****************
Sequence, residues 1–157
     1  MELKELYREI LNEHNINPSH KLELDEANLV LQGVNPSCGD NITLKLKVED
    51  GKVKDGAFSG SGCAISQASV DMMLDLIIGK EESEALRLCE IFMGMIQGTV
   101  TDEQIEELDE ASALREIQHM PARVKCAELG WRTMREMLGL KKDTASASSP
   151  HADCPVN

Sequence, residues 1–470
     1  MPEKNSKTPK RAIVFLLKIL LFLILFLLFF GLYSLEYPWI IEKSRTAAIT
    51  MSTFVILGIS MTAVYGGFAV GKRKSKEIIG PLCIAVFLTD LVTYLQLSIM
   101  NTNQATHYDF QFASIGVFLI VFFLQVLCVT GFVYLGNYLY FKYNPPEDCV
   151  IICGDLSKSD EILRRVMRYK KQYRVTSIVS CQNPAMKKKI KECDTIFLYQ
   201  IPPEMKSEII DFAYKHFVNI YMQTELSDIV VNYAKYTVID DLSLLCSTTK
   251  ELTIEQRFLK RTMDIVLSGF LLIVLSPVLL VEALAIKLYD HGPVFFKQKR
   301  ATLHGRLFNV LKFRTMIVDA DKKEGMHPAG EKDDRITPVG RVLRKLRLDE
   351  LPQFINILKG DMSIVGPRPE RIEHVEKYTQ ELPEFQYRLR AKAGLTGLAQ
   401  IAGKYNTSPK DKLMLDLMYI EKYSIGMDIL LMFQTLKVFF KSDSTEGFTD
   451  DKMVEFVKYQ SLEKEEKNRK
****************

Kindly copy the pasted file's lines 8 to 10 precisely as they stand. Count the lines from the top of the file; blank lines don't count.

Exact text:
    51  MSTFVILGIS MTAVYGGFAV GKRKSKEIIG PLCIAVFLTD LVTYLQLSIM
   101  NTNQATHYDF QFASIGVFLI VFFLQVLCVT GFVYLGNYLY FKYNPPEDCV
   151  IICGDLSKSD EILRRVMRYK KQYRVTSIVS CQNPAMKKKI KECDTIFLYQ